Fortunately for the preacher, they divide neatly: Propers 13 and 14 are more about faith, and 15 and 16 are more about receiving Christ’s body and blood in the Eucharist. As we shall see, however, the two themes are inseparable. The discourse is a movement from belief in Christ to faithfully receiving him at the Table.


Today’s text sets out how death is the fundamental problem for humanity. Even a miraculous multiplication of loaves of bread only postpones the problem, since ordinary food only sustains the body. This is “the food that perishes” since it does not have the power to save it from the body’s natural death—the manna in the wilderness in Exodus was God’s provision, but it also signified the temporary quality of earthly sustenance, since it rotted overnight, leaving the matter of life over death unsatisfied. So when the crowd shows up at Capernaum asking Jesus for a sign, they are really asking for another multiplication of ordinary bread. Jesus is telling them that they are shortsighted since their minds set only on prolonging earthly life, not eternal life.

The preacher should make Jesus’ reply in v. 32-35 the center of the sermon. First, even earthly sustenance, signified by the manna, does not come from men (Moses) but from God. Second, God wants to share another kind of bread with the world that will actually give life rather than just stave off death—Jesus himself.

The difference between earthly life and eternal reward is too often simplified as a matter of location: whether we have entrance into an “upstairs” heavenly realm or we are trapped in our mortality here below. But Jesus’ offer of himself as the bread of life means life over death, both now and forever; on earth as it is in heaven.

So working only to sustain earthly life is a bad investment, since death eventually wins out no matter how well we take care of ourselves and each other. But God, who both creates and sustains all life, has given human beings the way to access the source of life through faith in Jesus Christ.

The preacher should exhort the congregation to that saving faith: which is the simple belief that Jesus has the power to give life and overcome death (just how we take Jesus up on his offer will be covered over the next few weeks). It would be a tragedy to miss that offer of eternal life in order to sustain the mortal life that will perish.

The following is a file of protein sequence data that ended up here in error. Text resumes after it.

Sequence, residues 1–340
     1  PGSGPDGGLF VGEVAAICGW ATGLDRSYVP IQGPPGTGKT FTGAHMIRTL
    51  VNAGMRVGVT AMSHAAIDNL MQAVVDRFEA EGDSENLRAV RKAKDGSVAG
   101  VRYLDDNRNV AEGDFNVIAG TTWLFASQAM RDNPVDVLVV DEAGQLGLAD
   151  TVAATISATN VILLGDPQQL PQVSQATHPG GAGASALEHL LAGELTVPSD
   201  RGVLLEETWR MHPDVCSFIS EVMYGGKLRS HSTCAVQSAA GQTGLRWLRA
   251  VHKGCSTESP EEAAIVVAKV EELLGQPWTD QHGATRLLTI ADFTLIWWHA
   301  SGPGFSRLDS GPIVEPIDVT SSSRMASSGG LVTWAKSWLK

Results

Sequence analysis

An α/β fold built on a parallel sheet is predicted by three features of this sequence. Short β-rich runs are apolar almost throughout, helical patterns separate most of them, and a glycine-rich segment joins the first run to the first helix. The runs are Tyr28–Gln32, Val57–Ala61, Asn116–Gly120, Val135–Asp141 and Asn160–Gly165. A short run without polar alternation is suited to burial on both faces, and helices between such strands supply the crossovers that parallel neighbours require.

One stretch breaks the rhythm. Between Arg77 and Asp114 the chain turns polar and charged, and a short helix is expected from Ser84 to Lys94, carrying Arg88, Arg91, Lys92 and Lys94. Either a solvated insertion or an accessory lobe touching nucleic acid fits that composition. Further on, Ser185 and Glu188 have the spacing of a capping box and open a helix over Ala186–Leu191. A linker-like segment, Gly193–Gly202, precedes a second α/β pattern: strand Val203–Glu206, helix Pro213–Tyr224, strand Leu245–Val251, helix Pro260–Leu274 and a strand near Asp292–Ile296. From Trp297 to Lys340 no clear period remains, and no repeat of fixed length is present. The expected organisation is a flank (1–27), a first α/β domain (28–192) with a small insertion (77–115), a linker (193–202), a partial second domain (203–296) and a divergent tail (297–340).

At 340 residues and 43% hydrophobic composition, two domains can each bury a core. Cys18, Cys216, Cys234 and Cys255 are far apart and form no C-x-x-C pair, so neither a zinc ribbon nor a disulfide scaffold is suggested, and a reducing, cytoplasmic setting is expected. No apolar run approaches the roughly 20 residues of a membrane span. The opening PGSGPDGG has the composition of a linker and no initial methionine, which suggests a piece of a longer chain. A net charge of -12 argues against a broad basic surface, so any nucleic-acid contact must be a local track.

Sunday, August 8, 2021

Proper 14 (19)—Season after Pentecost, Year B

Summary

God frequently uses bread in supernatural ways to sustain his people. After his literal mountaintop experience at Carmel, Elijah is at the end of his rope and ready to die. Instead, God sends him a miraculous meal in the desert, catered by an angel (eager preachers will be tempted to identify this as a Christophany but should probably refrain), which gives him strength to reach his destination at the Mount of God.

The feeding miracle recalls the manna in the desert, but Jesus also identifies himself as bread with the power to sustain his people eternally. In the Gospel reading from last Sunday, the people’s request “Lord, always give us this bread” echoes the Samaritan woman at the well in John 4: “Sir, give me this water …” In that episode Jesus spoke of himself as the source of the water of life—which refers to baptism. Here, Jesus makes an even closer identification with the element of bread: that he is the bread of life and that his own flesh will be given for the life of the world (it is a good idea for the preacher to include verse 51 as a teaser for next week’s sermon which will answer the question of how Jesus can offer his flesh to us as bread). For now, the necessity of faith for receiving life from Jesus should be emphasized.

The crowd here grumbles not so much because Jesus has identified himself as the bread of life, but with his statement that he came down out of heaven. Jesus’ reply leaves no room for doubt. Anyone who takes seriously the words of the prophets and the wisdom of God in the scriptures will inevitably be drawn to Jesus, since he enjoys the very life of God the Father.

Verse 47 is the key: the one who believes that Jesus is who he says he is has eternal life. This is a good opportunity to emphasize the difference between true faith in Jesus and just “doing church.” The purpose of gathering for worship, hearing a sermon, reading the scriptures, praying, and singing in worship is to stir up faith in Christ and lay hold to it. Salvation comes through faith and draws us to the altar to receive the bread of life in Holy Communion. But without faith, even participating in the Eucharist becomes an empty ritual, void of life.